Everyone comes to Italy in summer. Mediterranean climate, Mediterranean sea, Mediterranean men. Summer has its benefits, but it’s not the only time worth visiting.
Of course the shoulder seasons (fall and spring) are great for lower prices but they also have unpredictable weather (fall in Northern Italy tends to be rainy) and the winter should, in general, be avoided for the cold, shortened opening times and general closings of restaurants and other tourist places. December, however, falls into that sweet spot in-between.
It’s just cold enough that you can still occasionally find discounted prices but still popular enough to find wide openings and a ton to do.
Plus, it’s just plain beautiful. December marks the start of the Christmas season and the lights, decorations and markets to go with it.
What to Expect
I won’t lie, you should expect cold weather. It’s definitely colder than November, but usually a bit less rainy.In the North you can get snow, with temperatures anywhere from 25 – 45°F. Temperatures are milder in the South, with Sicily able to get up to 60°F. It’s not unheard of to see a Sicilian or two taking a Christmas day dip in the chilly (but not freezing) waters.
Also, expect just slightly fewer services in winter than summer. For example, ferries either don’t run at all or run on a very limited basis along the Italian coast, both for the downturn in tourists and the choppy winter seas. Often museums and churches keep shorter hours in the winter, so plan accordingly.
You’ll want to choose your destinations with care. While the sunny coastlines and islands can sometimes completely shut down during the winter off-season, the mountains and hiking spots boom with the start of the ski season and the cities light up with Christmas festivities. Though all of winter has most of these benefits, only December has the sparkle and glam of the Christmas season thrown in. Sure, the weather isn’t for everyone, but overall you’ll find fewer crowds, happier locals and still have a ton to do.
What to Do
With a long history of artisans, top-quality Made in Italy products, and world-famous fashion industry, Italy is a great place to do your Christmas shopping. Head to fashion capital Milan or seek out specific artisanal crafts, such as nativity scene pieces in Napoli or woodwork in Trentino Alto-Adige. Not only that, but this time of year you’ll find a Christmas market in every city, complete with warm booths, fried desserts, bratwursts and hot chocolate or mulled wine to keep you warm.
Go skiing, even in Sicily!
December marks the start of the ski season throughout Italy. The Alps are a safer bet for snow cover, especially the higher you go, but by Mid to late December you might just be able to ski down Sicily’s Mount Etna. At over 9,000 feet, the altitude brings great snow cover and offers a totally unique place to ski.
Go to the spa
Though typically a treat after a long day of skiing, even non-skiiers can enjoy the beauty and relax of Italy’s thermal baths. Try the gorgeous Bagni Vecchi di Bormio Spa in Lombardia, north of Milan, where you can sit outside in a steaming hot bath with a view of the snow covered peaks extending across the valley below you.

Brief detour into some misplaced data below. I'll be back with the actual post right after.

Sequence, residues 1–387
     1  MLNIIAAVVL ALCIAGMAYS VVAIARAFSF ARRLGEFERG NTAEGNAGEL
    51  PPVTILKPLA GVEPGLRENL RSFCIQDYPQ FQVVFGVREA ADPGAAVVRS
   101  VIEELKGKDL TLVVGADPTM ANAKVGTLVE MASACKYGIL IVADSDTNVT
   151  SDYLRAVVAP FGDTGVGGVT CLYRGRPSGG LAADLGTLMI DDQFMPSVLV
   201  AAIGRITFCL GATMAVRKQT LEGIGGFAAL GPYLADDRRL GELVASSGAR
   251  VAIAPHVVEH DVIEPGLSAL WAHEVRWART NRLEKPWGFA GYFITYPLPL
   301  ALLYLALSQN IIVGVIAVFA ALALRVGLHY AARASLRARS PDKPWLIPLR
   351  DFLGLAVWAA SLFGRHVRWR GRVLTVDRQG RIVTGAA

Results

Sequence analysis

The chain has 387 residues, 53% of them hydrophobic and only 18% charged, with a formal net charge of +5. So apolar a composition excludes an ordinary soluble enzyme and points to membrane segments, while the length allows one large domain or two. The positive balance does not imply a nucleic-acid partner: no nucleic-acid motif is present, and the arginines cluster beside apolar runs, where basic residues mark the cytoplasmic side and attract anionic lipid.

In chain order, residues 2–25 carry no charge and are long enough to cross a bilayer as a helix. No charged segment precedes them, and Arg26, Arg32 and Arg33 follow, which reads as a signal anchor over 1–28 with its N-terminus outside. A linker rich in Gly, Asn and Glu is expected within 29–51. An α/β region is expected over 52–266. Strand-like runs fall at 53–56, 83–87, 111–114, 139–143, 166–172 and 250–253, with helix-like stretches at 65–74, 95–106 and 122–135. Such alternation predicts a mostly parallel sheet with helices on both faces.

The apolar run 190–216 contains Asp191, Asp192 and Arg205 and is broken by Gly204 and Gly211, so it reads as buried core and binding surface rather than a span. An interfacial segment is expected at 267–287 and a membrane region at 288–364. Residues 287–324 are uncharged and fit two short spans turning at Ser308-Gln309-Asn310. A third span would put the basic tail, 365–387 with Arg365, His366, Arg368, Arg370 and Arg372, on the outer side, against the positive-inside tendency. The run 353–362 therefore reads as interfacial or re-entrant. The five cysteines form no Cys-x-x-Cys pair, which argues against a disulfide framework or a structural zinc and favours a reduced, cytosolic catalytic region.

Go to the opera…or a jazz festival
Opera season in Milan’s La Scala Theater opens December 7th and runs through the winter. Those who can’t afford it can usually catch a scene or two on a big screen near the Christmas tree in the Galleria Vittorio Emmanuele, or head south to the Umbria Jazz Festival. It’s winter edition is hel December 28 – January 1 in beautiful Orvieto.
Celebrate New Year’s Eve in the piazza
Think you won’t have anything to do on New Year’s far from your home? Think again. As always, Italians fill the piazze for planned concerts, fireworks and celebrations on New Year’s Eve. Research ahead to find one that attracts you, but don’t worry, celebrations abound.
What to Eat
Truth be told, winter is the prime season to enjoy many of Italy’s most traditional meals. Hearty, caloric and hot, Italy’s classic dishes are the perfect comfort food after a day sightseeing in the cold. Try ossobuco and risotto in Lombardia, polenta with cheese in the Alps, a hearty ribollita vegetable soup in Tuscany, steaming fried arancini in Sicily. Warm, gooey eggplant parmesan, diet-busting lasagna, hot chocolate made with pure, melted chocolate. mmmm!
Then of course you have your traditional Christmas desserts. Like pumpkin pie for Thanksgiving, Italians have panettone and pandoro for Christmas.
As you stroll, follow your nose to the vendors with roasted chestnuts, smell the rich spices of vin brule, or hot spiced wine, to warm yourself up or dip into a café for that cioccolata calda I told you about.
What to Wear
Invest in a super comfortable, super warm (and waterproof!) pair of boots. Dress like the Italians, which means an undershirt snug against the body and tucked into your pants, a long sleeve shirt over that and a warm, possibly wool sweatshirt. Then of course a scarf, long thermal jacket, gloves and hat.
In the Midwest winter for me meant rushing from the house to the car, the car to the school and so on, only really enjoying the outdoors on very specific occasions like a sledding outing or a night bar-hopping (depending on your age). Here in Italy, Italians stroll outside year round, and it’s largely because they know how to dress. With the right clothes, and strategic tea breaks to warm up, you can enjoy the sights no matter the weather.
So whether you’re enjoying the snow in the north or the mild temperatures in the south, don’t write December in Italy off your list!